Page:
Posted by innewyork  on  Wed Mar 24, 2004  at  03:26 PM
Didn't read the article, but the buttons have NEVER been about changing the light faster. All they do is make it so the light stays green in the direction you're going for a set amount of time and that the 'walk' signal comes on.

Try it sometime. Go to an intersection and do not press the button, the 'walk' sign probably won't come on when it's your turn to go. Press the button and it does.
Posted by scott  on  Wed May 19, 2004  at  04:53 PM
Scott, what the NY Times article reveals is that the buttons (at least in New York City) aren't actually hooked up to anything. The wiring was removed years ago. So you'd have as much luck trying to get a walk signal by clapping your hands as you would pressing the button. Of course, in other cities the buttons may still be functional. At some intersections here in San Diego, if you're stuck at a red light in your car, you can hop out, press the walk signal, and trigger the light to change to green. It seems to work, though it could just be wishful thinking.
Posted by Alex  on  Wed May 19, 2004  at  05:04 PM
Do you guys realize that we are all wasting our times debating about the stop lights and weather or not they work for pedestrians? Come to Canada, the street lights actually have sensors so that if you push the button and the sensor picks up a pedestrian the opposite walk sign will automatically start flashing me the finger 😊 Canada ROCKS!!!
Posted by Micheal J. Dox  on  Thu May 20, 2004  at  09:17 PM
"why would the goverment spend millions remodeling crosswalks just to keep people pacified? oh wait. this is the bush admienstration."

Wow, that's paranoia... I'm really sure that there was a high level meeting in the white house about waiting at street lights.
Posted by Bob S. Yunkle  on  Mon May 31, 2004  at  09:53 PM
I'n Geelong australia they work - when I was a kid late at night I would stand at the pedestrian crossing on a busy motorway -the cars do about 110km/h - As soon as you pressed the button the lights would change so I would judge it so the cars either had to run the orange or slam there brakes on to stop in time - very funny and amusing as a kid 😊 I would then work across in front and do the same again to other direction!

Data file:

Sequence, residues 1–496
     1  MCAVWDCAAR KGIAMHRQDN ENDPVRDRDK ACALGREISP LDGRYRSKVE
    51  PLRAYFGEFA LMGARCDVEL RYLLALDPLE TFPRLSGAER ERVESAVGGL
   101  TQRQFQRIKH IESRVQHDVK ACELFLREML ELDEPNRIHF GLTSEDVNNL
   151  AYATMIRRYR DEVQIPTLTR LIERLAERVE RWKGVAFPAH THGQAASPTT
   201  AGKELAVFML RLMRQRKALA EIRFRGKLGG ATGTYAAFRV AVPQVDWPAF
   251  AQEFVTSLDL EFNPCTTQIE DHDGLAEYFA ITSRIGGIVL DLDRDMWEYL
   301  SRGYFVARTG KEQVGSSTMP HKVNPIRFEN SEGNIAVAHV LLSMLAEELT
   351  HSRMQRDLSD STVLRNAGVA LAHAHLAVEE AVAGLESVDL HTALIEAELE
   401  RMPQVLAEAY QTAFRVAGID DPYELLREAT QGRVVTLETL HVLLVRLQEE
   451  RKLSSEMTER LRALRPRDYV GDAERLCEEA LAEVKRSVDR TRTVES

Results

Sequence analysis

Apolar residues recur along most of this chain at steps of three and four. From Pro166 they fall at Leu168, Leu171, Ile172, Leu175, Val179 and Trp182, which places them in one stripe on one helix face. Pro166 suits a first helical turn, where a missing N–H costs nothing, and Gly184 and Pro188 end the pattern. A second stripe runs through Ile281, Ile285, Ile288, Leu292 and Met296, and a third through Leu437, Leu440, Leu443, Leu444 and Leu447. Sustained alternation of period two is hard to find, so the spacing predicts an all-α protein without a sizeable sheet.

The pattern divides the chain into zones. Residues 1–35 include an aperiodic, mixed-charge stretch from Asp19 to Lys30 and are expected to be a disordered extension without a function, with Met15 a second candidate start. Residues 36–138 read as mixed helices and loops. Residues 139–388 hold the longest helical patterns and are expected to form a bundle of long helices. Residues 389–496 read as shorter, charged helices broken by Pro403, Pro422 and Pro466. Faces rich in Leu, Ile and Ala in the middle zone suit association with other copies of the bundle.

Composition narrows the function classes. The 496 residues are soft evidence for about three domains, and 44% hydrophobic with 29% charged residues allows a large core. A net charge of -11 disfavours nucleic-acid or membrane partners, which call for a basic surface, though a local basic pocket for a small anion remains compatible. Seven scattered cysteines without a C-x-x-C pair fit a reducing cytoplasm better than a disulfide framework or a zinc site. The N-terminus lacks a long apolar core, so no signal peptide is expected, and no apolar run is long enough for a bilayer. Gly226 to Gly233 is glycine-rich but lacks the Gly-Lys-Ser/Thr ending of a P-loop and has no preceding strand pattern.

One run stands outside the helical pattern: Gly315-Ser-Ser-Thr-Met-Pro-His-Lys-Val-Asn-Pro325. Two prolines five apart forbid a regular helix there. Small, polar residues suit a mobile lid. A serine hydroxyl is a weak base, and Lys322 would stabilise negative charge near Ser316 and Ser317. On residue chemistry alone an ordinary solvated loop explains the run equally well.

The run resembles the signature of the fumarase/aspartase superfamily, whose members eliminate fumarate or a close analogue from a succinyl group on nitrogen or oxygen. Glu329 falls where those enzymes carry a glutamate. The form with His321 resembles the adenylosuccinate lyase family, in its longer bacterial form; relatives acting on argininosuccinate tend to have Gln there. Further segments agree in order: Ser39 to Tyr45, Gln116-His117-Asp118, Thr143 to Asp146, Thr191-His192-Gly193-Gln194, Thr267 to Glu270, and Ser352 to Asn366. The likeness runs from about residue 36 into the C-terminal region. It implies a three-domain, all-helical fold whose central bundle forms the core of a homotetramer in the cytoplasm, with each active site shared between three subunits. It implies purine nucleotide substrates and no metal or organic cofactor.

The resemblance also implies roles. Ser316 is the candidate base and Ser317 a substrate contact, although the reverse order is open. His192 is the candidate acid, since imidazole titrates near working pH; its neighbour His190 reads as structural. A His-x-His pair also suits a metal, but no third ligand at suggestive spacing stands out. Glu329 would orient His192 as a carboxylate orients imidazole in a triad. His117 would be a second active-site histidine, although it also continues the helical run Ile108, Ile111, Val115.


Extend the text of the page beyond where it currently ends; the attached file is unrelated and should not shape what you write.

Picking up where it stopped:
Posted by dan  on  Tue Jun 01, 2004  at  07:10 AM
In places where the buttons do work, its for efficiency. Pedestrians take longer to cross the street than a motor vehicle or bicycle. So when no one presses the button, the system does not have to keep the pedestrian light on while other traffic waits. This is obvious. But on simple cross shaped intersections with traffic it doesn't make sense to have buttons. Cause traffic is either going one way or another. So perhaps these buttons are dummies.

Here in the Netherlands there are some cool buttons with lights around them. You press 'em and they all light up, then as the time nears for it to become green they turn off one by one, so you know exaclty when its gonna become green.

Anyways, it makes sense to have buttons that work. If there's no one walking you don't have to wait for the pedestrians to cross and you can have more cycles per hour.
Posted by CvD  on  Wed Jun 02, 2004  at  08:21 AM
The walk buttons at several intersections around my university most definitely do work. The pedestrian light never comes on if the button isn't pressed. This is easy to verify because when the pedestrian signals are on, all directions at the intersection are red and without pressing the button you can watch a complete cycle take place.
Posted by jdevers  on  Wed Jun 02, 2004  at  09:31 AM
In the UK, from my experience, the length of time between pressing the button and being able to walk is related to the length of time since the lights were last red.
Try it. Late at night, when no-ones about, the lights change immediately when the button is pressed. In the rush hour you can wait ages for the damn thing.
Posted by Monkey Boy  on  Tue Jun 08, 2004  at  11:44 AM
This is in regards to MonkeyBoy's first post...the reason the lights change quicker at night is because the traffic lights are programmed to handle *gasp* traffic, you idiot! They respond to heavy traffic with delays in light changes, so that cars are not hopelessly stuck in an intersection. At times of light traffic, obviously they will be more responsive to the pedestrian, since there is no delay made for the drivers...In the UK...you twit, it is the same everywhere.
Posted by Gordon  on  Thu Jun 10, 2004  at  09:53 PM
They've started adding traffic lights in Glasgow which actually display a countdown (seconds) to when they next go to 'walk'. Which is immesurably neater than having to guess - even if the inevitable result is that someone always runs across the road on the amber signal........